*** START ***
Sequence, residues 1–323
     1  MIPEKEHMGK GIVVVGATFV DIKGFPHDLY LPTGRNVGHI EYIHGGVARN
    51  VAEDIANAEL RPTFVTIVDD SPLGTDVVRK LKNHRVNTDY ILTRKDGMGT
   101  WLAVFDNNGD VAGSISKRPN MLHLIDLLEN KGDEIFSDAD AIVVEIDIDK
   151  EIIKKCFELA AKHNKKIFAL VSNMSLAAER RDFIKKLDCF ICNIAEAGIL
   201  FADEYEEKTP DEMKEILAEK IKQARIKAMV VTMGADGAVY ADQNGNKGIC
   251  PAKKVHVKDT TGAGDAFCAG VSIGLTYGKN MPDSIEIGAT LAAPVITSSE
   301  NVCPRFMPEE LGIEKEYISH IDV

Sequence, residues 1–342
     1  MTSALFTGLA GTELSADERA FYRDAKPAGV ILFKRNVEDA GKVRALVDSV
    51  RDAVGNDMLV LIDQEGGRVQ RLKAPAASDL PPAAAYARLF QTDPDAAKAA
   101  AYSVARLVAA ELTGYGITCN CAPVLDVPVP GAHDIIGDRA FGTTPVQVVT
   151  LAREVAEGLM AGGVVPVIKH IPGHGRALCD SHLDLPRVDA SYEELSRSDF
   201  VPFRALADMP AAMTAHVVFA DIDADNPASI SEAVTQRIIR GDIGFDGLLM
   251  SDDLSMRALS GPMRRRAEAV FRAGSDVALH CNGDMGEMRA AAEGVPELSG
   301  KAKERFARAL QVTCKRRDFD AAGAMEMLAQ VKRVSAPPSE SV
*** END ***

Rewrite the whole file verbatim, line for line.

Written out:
Sequence, residues 1–323
     1  MIPEKEHMGK GIVVVGATFV DIKGFPHDLY LPTGRNVGHI EYIHGGVARN
    51  VAEDIANAEL RPTFVTIVDD SPLGTDVVRK LKNHRVNTDY ILTRKDGMGT
   101  WLAVFDNNGD VAGSISKRPN MLHLIDLLEN KGDEIFSDAD AIVVEIDIDK
   151  EIIKKCFELA AKHNKKIFAL VSNMSLAAER RDFIKKLDCF ICNIAEAGIL
   201  FADEYEEKTP DEMKEILAEK IKQARIKAMV VTMGADGAVY ADQNGNKGIC
   251  PAKKVHVKDT TGAGDAFCAG VSIGLTYGKN MPDSIEIGAT LAAPVITSSE
   301  NVCPRFMPEE LGIEKEYISH IDV

Sequence, residues 1–342
     1  MTSALFTGLA GTELSADERA FYRDAKPAGV ILFKRNVEDA GKVRALVDSV
    51  RDAVGNDMLV LIDQEGGRVQ RLKAPAASDL PPAAAYARLF QTDPDAAKAA
   101  AYSVARLVAA ELTGYGITCN CAPVLDVPVP GAHDIIGDRA FGTTPVQVVT
   151  LAREVAEGLM AGGVVPVIKH IPGHGRALCD SHLDLPRVDA SYEELSRSDF
   201  VPFRALADMP AAMTAHVVFA DIDADNPASI SEAVTQRIIR GDIGFDGLLM
   251  SDDLSMRALS GPMRRRAEAV FRAGSDVALH CNGDMGEMRA AAEGVPELSG
   301  KAKERFARAL QVTCKRRDFD AAGAMEMLAQ VKRVSAPPSE SV